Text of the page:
Edit your listing so that it adheres to our guidelines, then request reconsideration of your listing within your account.
While the advice is obvious, Google sometimes is reading their Quality Guidelines in ways that are incomprehensible for us, the mortal humans. The most frequent problems that cause rejection are:
- using PO Box as an address
- using toll-free number as the main phone number
- numerous listings created for the same business+location
However, recently Google tends to either directly “Suspend” the listings, or directly reject them with the message “Need Action: This listing does not comply with our policy of allowed terms”. The most frequent causes for this message are:
- using PO Box as main address
- using “locksmith” or related words in the business name, address, categories, or description*
- using words with sexual focus, related to weaponry, drugs or alcohol
- excessive capitalization (using more than 3 capital letters one after another)
*Recently, the usage of “locksmith” related keywords has been resulting in the listing going into “Pending” status.
According to the Quality Guidelines “P.O. Boxes are not considered accurate physical locations”, therefore they are not being accepted. An interesting side note is that in some countries where Google Places is still in its early stages of development, there are thousands of businesses using PO box address as their main location.
While the reason why words implying adult content are being rejected, the story of locksmiths might be interesting to the ones who are not closely following the local search trends. Google has had severe problems with locksmiths spamming the map all across the United States. As the big G was unable to deal with the tens of thousands of spammers, they took the “Solomon” decision to allow locksmiths to join Google Places only after manual verification by a Google moderator. Unfortunately, together with “locksmith” many other related terms were disallowed, including frequently used ones, such as “key”, “keys”, “lock”, which are very often business names of some non-locksmith company.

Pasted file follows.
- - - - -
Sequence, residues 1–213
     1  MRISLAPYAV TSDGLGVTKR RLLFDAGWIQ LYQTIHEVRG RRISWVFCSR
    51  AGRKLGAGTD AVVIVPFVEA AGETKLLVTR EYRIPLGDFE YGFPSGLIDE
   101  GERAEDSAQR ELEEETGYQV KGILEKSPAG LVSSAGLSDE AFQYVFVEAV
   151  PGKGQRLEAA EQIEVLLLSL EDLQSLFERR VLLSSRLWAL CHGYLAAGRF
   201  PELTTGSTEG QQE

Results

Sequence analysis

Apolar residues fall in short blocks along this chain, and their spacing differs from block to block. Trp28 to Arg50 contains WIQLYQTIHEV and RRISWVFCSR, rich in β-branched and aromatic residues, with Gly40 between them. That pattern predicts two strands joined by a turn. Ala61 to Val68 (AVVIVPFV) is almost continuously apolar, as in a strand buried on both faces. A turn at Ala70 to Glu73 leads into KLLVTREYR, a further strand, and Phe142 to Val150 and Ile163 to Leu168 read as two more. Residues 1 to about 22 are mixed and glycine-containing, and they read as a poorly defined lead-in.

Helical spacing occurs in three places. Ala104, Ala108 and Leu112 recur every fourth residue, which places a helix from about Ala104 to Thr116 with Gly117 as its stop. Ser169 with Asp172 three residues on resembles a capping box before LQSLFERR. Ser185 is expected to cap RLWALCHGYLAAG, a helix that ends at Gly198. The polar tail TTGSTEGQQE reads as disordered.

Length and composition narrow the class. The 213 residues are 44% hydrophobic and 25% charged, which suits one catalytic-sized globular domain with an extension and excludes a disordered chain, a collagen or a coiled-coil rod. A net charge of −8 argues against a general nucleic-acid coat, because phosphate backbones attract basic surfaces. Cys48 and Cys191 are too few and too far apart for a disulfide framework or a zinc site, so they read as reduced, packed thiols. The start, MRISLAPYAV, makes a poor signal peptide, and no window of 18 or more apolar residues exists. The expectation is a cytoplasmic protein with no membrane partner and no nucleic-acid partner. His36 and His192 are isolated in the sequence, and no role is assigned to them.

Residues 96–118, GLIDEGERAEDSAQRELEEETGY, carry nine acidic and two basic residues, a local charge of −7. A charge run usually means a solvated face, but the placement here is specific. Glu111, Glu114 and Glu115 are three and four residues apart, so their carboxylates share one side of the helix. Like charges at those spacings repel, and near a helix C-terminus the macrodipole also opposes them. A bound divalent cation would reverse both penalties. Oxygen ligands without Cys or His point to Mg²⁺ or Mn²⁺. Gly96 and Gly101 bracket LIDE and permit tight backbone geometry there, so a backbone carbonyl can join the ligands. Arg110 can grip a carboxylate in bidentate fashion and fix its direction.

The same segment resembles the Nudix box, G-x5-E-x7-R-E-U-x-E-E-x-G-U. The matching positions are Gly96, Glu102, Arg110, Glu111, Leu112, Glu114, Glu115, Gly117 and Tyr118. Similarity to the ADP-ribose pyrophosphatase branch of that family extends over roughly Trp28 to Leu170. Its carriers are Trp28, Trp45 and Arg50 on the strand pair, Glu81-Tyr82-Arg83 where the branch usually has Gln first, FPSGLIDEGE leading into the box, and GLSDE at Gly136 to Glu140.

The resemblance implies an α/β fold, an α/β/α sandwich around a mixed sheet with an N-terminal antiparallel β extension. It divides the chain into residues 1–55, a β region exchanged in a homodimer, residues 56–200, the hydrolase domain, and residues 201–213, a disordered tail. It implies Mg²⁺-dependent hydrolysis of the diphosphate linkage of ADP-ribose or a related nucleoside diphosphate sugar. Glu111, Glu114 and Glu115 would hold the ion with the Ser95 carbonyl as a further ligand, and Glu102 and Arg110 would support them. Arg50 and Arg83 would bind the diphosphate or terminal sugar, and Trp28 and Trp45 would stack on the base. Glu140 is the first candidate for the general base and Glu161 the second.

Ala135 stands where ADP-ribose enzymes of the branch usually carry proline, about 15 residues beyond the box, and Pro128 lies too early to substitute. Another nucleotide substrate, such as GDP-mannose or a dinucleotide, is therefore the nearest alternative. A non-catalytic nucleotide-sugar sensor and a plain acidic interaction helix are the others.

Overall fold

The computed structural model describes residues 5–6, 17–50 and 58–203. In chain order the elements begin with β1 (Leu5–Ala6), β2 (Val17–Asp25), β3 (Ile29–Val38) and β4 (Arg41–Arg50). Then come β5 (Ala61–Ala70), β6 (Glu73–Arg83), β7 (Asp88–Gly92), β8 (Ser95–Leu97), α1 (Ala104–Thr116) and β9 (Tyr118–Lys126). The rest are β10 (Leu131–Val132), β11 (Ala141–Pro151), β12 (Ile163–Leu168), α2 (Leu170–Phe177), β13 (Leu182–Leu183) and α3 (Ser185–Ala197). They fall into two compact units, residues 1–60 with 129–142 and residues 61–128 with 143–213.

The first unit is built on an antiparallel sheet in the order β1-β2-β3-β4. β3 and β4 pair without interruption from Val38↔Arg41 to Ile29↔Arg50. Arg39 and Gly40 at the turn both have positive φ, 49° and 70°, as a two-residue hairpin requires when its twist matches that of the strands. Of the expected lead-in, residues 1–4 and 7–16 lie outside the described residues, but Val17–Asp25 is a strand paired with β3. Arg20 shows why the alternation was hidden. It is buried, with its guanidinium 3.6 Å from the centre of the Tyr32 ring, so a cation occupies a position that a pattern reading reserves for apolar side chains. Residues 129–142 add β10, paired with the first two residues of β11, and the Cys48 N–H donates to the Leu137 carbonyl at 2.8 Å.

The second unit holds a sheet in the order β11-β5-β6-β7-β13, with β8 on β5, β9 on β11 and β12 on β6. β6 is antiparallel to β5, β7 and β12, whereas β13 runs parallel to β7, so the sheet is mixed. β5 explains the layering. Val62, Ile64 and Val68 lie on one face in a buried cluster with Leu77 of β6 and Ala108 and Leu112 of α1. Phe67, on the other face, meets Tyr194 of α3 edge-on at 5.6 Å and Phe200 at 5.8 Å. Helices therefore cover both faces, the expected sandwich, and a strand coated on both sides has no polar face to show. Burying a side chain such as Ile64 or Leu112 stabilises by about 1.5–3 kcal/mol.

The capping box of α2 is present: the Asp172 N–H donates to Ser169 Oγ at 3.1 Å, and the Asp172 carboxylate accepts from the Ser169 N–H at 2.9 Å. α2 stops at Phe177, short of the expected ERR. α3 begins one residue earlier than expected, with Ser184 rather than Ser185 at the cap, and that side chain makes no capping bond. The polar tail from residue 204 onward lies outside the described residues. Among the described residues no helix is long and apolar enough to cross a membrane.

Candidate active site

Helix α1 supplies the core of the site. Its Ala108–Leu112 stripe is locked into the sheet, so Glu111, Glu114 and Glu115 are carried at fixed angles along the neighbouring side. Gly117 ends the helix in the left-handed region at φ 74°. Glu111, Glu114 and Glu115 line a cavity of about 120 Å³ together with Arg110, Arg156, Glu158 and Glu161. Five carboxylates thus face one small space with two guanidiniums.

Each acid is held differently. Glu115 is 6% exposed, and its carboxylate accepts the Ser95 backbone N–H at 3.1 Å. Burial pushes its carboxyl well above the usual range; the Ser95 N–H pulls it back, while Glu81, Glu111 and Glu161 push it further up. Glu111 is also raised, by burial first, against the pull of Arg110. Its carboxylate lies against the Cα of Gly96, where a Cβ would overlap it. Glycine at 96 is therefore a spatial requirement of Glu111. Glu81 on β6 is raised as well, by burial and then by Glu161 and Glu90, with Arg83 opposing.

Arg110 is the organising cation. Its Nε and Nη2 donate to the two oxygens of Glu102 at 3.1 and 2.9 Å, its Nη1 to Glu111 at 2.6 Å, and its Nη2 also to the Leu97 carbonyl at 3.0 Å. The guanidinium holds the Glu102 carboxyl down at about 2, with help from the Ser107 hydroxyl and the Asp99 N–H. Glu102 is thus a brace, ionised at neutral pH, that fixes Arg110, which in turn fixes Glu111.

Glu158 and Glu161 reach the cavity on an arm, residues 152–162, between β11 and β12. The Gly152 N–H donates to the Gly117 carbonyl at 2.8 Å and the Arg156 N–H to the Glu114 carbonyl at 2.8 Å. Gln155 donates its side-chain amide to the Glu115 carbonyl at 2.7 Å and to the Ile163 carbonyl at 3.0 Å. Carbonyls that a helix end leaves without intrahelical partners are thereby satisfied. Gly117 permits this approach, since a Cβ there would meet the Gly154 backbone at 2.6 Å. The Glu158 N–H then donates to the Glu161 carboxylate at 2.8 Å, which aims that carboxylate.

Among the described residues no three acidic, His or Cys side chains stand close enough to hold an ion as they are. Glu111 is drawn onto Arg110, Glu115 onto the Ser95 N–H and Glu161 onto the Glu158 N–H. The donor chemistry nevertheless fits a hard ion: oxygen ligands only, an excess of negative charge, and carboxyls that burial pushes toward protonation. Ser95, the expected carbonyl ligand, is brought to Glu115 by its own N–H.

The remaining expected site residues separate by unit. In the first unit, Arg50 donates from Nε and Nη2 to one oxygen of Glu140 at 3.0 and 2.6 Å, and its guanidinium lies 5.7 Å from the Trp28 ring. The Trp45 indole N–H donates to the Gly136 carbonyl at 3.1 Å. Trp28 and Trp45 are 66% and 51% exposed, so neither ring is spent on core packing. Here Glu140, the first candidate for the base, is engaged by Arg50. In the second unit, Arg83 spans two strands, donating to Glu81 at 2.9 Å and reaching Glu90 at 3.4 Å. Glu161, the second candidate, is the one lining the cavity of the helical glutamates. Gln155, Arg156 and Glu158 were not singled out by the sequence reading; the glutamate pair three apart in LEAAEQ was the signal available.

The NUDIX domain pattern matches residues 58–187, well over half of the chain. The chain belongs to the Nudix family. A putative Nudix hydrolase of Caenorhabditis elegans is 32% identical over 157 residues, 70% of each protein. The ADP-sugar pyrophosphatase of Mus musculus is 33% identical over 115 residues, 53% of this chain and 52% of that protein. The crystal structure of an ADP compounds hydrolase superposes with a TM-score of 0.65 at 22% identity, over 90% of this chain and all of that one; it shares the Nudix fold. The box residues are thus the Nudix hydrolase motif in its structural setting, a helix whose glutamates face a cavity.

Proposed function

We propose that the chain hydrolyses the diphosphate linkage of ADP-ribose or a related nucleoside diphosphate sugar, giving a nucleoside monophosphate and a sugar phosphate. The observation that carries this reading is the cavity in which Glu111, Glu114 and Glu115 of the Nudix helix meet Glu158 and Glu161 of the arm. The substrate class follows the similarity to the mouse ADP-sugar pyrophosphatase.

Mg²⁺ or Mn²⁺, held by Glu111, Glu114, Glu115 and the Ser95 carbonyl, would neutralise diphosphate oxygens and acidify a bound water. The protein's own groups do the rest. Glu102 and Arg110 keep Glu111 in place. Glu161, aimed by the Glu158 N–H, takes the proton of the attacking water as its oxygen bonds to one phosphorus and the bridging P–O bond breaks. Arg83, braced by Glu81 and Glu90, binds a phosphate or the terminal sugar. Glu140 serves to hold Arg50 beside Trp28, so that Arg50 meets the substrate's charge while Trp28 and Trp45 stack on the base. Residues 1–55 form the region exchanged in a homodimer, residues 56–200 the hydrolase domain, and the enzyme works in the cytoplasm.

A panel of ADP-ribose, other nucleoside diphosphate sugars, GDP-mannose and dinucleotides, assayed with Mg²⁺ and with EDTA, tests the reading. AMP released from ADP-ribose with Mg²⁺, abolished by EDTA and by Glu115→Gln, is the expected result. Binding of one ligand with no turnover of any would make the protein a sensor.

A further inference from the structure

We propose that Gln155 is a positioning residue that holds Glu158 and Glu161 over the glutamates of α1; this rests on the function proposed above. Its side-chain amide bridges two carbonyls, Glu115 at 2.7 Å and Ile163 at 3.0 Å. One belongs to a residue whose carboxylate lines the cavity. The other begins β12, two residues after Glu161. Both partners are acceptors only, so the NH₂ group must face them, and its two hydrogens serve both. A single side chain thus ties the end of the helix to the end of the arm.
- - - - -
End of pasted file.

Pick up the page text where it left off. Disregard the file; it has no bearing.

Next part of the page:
Furthermore, an interesting fact is that terms that have bad implications in ANY language might be banned by Google. Examples of such would be the word “kitzler” as Mike Blumenthal notes in his “Compendium of Banned Words in Google Places”. The only way to deal with problems like this is:
1. Report the problem on the Google Places Help Forum and hope a Google Employee or Top Contributor will notice it.
2. Report the problem in the “Known Issues” section of Google Places.
3. Report the problem on blumenthals.com/blog.
If you have any of the mentioned issues, or you’ve dealt with such, I would be glad to hear about the case.
Another good & known way to handle fake bad reviews & Some of the strange listings’ status is to have an Adwords Express campaign & by that you’ll have a Google rep to help you out in some cases.
About the locksmiths- as you wrote, some words are banned (key, keys, locksmith, lock & sometime even “door”). But there are plenty of work arounds & by passes to those restrictions. All one needs to do is to be creative & understand the basics of local SEO & how Google Maps is determine whether you are a locksmith or not without inserting this as a category. Doing the right actions & Google will give you a Locksmith category for free (as a sixth (given) category.